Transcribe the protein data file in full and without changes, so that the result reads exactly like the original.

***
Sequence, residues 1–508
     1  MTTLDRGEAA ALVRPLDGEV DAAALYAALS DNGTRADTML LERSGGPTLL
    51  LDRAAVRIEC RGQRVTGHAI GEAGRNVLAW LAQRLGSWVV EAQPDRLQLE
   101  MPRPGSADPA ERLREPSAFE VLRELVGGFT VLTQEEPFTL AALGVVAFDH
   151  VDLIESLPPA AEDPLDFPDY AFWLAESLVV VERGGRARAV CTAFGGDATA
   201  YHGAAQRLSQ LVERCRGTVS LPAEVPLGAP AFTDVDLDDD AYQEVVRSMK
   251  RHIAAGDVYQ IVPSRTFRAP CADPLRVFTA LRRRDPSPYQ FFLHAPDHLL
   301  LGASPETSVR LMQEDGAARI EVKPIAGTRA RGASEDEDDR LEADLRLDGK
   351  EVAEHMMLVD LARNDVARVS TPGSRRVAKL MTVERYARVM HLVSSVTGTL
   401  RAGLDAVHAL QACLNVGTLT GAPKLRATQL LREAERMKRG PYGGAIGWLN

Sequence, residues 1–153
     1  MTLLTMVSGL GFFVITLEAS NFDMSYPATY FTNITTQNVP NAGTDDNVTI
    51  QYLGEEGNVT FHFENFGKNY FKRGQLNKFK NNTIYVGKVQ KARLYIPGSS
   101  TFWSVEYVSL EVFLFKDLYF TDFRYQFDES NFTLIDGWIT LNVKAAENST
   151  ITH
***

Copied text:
Sequence, residues 1–508
     1  MTTLDRGEAA ALVRPLDGEV DAAALYAALS DNGTRADTML LERSGGPTLL
    51  LDRAAVRIEC RGQRVTGHAI GEAGRNVLAW LAQRLGSWVV EAQPDRLQLE
   101  MPRPGSADPA ERLREPSAFE VLRELVGGFT VLTQEEPFTL AALGVVAFDH
   151  VDLIESLPPA AEDPLDFPDY AFWLAESLVV VERGGRARAV CTAFGGDATA
   201  YHGAAQRLSQ LVERCRGTVS LPAEVPLGAP AFTDVDLDDD AYQEVVRSMK
   251  RHIAAGDVYQ IVPSRTFRAP CADPLRVFTA LRRRDPSPYQ FFLHAPDHLL
   301  LGASPETSVR LMQEDGAARI EVKPIAGTRA RGASEDEDDR LEADLRLDGK
   351  EVAEHMMLVD LARNDVARVS TPGSRRVAKL MTVERYARVM HLVSSVTGTL
   401  RAGLDAVHAL QACLNVGTLT GAPKLRATQL LREAERMKRG PYGGAIGWLN

Sequence, residues 1–153
     1  MTLLTMVSGL GFFVITLEAS NFDMSYPATY FTNITTQNVP NAGTDDNVTI
    51  QYLGEEGNVT FHFENFGKNY FKRGQLNKFK NNTIYVGKVQ KARLYIPGSS
   101  TFWSVEYVSL EVFLFKDLYF TDFRYQFDES NFTLIDGWIT LNVKAAENST
   151  ITH